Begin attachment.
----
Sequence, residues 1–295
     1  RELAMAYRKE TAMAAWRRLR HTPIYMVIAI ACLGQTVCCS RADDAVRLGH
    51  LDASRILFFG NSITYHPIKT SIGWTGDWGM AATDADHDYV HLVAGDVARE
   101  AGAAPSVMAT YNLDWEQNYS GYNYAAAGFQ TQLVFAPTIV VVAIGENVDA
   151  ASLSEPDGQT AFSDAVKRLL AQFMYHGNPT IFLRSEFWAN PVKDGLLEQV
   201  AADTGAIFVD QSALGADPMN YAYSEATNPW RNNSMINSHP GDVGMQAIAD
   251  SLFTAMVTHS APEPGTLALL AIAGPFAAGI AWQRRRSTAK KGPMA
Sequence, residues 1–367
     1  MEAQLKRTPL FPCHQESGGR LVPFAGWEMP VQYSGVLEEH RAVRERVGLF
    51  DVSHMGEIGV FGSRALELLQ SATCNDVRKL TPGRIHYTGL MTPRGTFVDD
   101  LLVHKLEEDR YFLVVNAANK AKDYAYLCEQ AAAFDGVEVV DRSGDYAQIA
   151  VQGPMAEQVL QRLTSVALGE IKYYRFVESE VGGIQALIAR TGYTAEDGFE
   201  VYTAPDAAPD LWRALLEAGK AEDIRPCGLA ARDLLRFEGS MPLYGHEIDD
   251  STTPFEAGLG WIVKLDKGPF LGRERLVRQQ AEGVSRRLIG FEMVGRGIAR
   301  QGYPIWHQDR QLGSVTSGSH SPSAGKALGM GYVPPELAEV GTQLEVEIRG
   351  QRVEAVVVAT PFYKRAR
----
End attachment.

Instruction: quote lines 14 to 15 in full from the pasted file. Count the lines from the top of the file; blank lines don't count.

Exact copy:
   251  STTPFEAGLG WIVKLDKGPF LGRERLVRQQ AEGVSRRLIG FEMVGRGIAR
   301  QGYPIWHQDR QLGSVTSGSH SPSAGKALGM GYVPPELAEV GTQLEVEIRG